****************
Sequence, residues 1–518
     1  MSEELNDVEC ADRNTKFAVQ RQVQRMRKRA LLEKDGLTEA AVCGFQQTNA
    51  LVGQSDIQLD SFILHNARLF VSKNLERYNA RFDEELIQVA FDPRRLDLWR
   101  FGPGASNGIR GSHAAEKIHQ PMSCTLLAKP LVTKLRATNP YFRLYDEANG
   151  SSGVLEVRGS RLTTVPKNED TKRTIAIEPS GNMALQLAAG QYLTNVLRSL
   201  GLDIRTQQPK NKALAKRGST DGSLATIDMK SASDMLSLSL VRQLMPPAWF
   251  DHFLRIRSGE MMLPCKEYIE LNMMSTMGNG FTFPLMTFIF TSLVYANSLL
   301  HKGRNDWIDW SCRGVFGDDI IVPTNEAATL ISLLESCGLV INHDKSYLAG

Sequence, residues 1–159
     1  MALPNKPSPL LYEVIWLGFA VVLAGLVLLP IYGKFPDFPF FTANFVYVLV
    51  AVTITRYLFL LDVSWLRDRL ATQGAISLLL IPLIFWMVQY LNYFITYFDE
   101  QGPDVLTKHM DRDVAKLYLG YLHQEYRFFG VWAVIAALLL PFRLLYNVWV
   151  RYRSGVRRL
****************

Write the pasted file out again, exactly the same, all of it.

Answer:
Sequence, residues 1–518
     1  MSEELNDVEC ADRNTKFAVQ RQVQRMRKRA LLEKDGLTEA AVCGFQQTNA
    51  LVGQSDIQLD SFILHNARLF VSKNLERYNA RFDEELIQVA FDPRRLDLWR
   101  FGPGASNGIR GSHAAEKIHQ PMSCTLLAKP LVTKLRATNP YFRLYDEANG
   151  SSGVLEVRGS RLTTVPKNED TKRTIAIEPS GNMALQLAAG QYLTNVLRSL
   201  GLDIRTQQPK NKALAKRGST DGSLATIDMK SASDMLSLSL VRQLMPPAWF
   251  DHFLRIRSGE MMLPCKEYIE LNMMSTMGNG FTFPLMTFIF TSLVYANSLL
   301  HKGRNDWIDW SCRGVFGDDI IVPTNEAATL ISLLESCGLV INHDKSYLAG

Sequence, residues 1–159
     1  MALPNKPSPL LYEVIWLGFA VVLAGLVLLP IYGKFPDFPF FTANFVYVLV
    51  AVTITRYLFL LDVSWLRDRL ATQGAISLLL IPLIFWMVQY LNYFITYFDE
   101  QGPDVLTKHM DRDVAKLYLG YLHQEYRFFG VWAVIAALLL PFRLLYNVWV
   151  RYRSGVRRL